Excuse me while I have a little rant.
Every day I spend many hours sitting at a computer, working with a number of different bits of software. Most of them I’ve used for a couple of decades, so I’m pretty familiar with them. So I do wonder when software developers decide to change something that previously took a couple of seconds to do into a waste of half an hour or more (or simply something that can no longer be done at all). Call me old fashioned, but changing something that is perfectly slick and functional into a pile of festering donkey vomit doesn’t seem like progress to me.
Today I have lost at least an hour faffing about trying to do something that I used to be able to in a few seconds. Then, immediately after I finally worked out the answer, I found a second change in a second piece of software that was less functional than it used to be. I decided to simply abandon that particular task for today, having lost enough time already.
It’s extremely annoying to say the least as this sort of thing has a real impact on my time and therefore my ability to get stuff done. Of course, it does’t happen every day – it usually waits for deadlines to loom…
I expect the world economy loses billions every year to this sort of frustrating nonsense. Time, after all, is money.
Perhaps some software guru can enlighten me. I’m not worried about specifics, more whether there is some secret maxim in software development that encourages developers to deliberately make life difficult for existing users. I am a pretty experienced user of this stuff and it has happened time and again over the years. It may not actually be deliberate, but it sure looks like it.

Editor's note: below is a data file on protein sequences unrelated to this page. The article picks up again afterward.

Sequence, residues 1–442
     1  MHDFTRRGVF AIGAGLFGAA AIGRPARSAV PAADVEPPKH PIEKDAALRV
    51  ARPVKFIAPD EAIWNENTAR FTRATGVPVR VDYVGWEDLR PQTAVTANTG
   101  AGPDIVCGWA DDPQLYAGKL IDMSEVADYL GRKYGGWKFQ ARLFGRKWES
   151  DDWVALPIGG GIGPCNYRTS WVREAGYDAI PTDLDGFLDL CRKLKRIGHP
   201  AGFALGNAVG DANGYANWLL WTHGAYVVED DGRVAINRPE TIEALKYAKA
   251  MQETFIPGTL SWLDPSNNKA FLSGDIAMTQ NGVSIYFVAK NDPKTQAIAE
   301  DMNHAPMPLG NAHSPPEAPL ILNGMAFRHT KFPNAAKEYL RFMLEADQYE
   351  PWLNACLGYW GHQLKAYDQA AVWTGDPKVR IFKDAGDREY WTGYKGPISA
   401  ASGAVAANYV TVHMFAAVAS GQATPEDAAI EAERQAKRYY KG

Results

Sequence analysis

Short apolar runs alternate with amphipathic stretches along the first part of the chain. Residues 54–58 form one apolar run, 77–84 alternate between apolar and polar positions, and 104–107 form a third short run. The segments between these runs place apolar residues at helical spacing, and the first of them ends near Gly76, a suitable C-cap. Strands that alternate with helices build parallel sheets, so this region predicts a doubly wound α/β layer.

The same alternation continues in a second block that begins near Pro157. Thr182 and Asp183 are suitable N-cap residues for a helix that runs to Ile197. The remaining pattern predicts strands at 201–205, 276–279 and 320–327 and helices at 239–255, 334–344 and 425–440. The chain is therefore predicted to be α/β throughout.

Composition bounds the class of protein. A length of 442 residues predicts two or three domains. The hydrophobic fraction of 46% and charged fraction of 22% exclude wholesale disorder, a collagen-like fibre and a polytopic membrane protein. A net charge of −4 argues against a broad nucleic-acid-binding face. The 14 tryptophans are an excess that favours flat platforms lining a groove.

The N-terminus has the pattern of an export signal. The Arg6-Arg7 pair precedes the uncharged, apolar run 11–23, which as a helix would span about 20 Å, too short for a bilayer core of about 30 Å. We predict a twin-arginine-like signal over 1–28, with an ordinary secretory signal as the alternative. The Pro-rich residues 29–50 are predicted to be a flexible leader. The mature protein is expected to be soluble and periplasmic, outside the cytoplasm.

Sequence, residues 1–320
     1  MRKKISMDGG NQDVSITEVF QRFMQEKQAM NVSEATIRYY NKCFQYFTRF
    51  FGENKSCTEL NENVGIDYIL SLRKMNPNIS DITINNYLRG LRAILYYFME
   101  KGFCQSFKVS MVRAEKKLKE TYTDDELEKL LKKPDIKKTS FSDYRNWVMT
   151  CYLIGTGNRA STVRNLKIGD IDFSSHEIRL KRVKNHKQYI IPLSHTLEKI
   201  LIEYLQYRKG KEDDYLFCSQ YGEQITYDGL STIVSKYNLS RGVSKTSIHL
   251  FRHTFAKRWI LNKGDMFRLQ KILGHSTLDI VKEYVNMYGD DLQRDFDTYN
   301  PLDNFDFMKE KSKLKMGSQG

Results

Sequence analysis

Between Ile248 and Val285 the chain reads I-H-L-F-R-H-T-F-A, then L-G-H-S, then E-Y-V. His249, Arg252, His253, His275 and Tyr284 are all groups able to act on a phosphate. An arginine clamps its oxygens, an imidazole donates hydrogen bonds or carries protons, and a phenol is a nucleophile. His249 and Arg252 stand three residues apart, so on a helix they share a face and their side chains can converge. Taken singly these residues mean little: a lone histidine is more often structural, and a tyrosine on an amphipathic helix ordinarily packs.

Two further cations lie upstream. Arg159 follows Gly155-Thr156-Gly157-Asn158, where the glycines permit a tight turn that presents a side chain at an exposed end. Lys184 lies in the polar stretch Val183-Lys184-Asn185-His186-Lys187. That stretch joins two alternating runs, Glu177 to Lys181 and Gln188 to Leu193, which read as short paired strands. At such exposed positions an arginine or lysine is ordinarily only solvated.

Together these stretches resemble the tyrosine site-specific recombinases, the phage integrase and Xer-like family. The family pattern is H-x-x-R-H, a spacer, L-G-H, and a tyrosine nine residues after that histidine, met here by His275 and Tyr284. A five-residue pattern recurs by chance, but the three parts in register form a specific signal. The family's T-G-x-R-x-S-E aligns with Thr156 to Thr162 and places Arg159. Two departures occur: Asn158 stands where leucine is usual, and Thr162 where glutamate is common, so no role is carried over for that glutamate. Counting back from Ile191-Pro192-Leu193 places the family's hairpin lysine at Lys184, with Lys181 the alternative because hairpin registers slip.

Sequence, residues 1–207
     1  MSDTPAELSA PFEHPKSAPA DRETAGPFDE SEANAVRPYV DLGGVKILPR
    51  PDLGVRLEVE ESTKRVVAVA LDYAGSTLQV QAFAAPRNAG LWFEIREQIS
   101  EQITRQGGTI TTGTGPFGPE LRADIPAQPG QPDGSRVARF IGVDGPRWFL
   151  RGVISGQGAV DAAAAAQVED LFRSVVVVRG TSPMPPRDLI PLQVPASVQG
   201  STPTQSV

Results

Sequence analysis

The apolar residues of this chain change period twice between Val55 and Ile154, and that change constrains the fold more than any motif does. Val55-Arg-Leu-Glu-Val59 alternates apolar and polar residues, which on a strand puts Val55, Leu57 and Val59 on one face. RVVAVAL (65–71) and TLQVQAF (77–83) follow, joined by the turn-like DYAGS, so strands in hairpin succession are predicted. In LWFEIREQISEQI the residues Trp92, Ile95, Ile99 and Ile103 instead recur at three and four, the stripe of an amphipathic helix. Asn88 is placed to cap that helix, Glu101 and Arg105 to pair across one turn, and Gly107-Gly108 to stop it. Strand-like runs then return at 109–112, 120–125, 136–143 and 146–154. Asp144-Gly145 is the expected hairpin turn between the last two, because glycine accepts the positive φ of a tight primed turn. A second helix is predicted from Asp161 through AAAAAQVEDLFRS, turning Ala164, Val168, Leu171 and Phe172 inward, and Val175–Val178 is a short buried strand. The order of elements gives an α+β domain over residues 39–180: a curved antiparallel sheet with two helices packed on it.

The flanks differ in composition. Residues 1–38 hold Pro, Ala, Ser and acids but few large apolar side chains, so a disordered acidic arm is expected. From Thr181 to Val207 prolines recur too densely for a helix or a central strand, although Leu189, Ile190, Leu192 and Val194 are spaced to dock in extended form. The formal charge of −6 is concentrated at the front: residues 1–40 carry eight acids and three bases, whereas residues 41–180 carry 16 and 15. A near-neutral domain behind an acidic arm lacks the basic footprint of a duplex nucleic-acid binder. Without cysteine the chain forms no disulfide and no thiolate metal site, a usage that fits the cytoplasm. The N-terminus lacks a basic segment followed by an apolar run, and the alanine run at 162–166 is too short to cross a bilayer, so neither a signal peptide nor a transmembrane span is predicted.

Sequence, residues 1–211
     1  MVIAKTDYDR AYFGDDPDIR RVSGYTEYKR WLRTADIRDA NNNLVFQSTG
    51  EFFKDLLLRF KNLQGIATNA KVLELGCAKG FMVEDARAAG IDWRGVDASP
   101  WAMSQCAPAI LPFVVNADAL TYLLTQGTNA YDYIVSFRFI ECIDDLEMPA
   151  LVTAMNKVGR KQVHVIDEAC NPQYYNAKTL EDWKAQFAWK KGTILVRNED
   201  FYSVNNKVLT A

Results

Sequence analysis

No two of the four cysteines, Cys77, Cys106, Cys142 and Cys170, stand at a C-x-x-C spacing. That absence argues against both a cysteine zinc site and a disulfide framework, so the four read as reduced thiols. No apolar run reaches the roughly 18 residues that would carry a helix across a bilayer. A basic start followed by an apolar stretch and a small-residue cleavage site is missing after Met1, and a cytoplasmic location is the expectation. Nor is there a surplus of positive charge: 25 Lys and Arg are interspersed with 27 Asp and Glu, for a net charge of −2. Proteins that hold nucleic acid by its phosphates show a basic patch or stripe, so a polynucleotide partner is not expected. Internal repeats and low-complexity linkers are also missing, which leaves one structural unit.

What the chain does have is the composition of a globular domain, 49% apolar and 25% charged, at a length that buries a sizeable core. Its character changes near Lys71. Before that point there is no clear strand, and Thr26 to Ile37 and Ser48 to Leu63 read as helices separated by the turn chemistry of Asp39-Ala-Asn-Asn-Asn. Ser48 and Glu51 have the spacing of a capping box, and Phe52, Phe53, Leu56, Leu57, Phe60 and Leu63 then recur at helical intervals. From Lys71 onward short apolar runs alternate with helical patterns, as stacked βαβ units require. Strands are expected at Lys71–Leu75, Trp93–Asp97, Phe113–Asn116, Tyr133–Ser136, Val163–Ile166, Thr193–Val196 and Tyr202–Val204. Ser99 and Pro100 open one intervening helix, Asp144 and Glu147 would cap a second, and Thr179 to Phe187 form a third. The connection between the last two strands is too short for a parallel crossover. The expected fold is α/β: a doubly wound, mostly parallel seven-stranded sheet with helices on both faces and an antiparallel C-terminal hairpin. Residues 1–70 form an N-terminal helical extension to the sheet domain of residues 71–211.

I have tried to see this as comparable to a new edition of a familiar game. Some people always get upset when anything is changed. Maybe it’s communications that’s at fault. Perhaps there are brilliant reasons for every change, they just fail to communicate them effectively. That happens in games too. However, there is a fundamental difference here. If I change the way magic works in a tabletop game, then you can still play the game. The rules are still comprehensible. You may not like the change, but it does’t stop you playing the game. With software the changes can, and today have, meant that I simply cannot do my job when I have previously been able to. Not because the features was removed entirely, but because it was relocated¹. Actually, the second issue I had today could be gone for good – I’ve no idea.
It’s especially galling when these changes are labelled as “an improved experience”. Clearly some new use of the word improved that I’m not familiar with.
1: When I say “relocated”, what I mean is entered into the witness protection program, given a new name, extensive cosmetic surgery, and whisked away to deepest Alaska.